Liz (left) with her teammate wearing rucks

How do you feel the program has made a difference?

  • BD: By providing assistance to heroes and their families. A portion from this years proceeds were awarded to the Yarmouth Police Department for a new dog in honor of Sgt. Sean Gannon, killed on April 12 in the line of duty.
  • LC: The organization is giving and providing to those in our community who have given the most out of all of us. By raising awareness and money for this organization, the men, women and their families who have sacrificed their lives to serve and protect us can be offered the support they need and deserve.

Do you have a favorite Ruck4HIT story?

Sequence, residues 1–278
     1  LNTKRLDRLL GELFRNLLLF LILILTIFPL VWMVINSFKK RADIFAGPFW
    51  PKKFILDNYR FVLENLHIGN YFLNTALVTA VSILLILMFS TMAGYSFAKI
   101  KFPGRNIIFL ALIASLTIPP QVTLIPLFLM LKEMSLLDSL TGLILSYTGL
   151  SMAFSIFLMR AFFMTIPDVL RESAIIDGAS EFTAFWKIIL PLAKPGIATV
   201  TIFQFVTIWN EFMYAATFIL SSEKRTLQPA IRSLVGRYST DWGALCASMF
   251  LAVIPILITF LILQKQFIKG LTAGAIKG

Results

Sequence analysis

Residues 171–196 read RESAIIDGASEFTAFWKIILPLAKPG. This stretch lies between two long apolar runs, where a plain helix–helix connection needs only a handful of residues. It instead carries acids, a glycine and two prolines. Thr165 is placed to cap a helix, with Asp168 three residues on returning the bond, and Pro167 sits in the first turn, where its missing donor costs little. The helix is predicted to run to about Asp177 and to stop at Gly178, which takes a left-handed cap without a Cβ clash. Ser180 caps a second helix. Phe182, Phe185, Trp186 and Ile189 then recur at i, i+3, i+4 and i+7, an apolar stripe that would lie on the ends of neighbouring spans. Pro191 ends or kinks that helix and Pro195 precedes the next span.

• LC: It was early on Saturday, I was completing my 9th out of 10 legs. I ended up running my fastest pace and past another runner along the way. My van was driving by at the time and saw it happen; all I could hear were cheers, which motivated me to continue to run faster. They were all really excited and supportive when I finished, it was a great moment of accomplishment.

How do you feel being a PT has made an impact on your experience here and with veterans?

  • BD: Being a PT and being able to not only have the opportunity to help with this organization but also be able to provide the men and women who participate in the RUCK4HIT with help along the way so they can finish the race is an amazing opportunity.
  • LC: Especially going into the race technically injured, being a PT while doing this allowed me to have a greater appreciation for our profession, our skill set and knowledge of injury prevention.


Who is your #WomanCrushWednesday or #ManCandyMonday, aka your inspiration?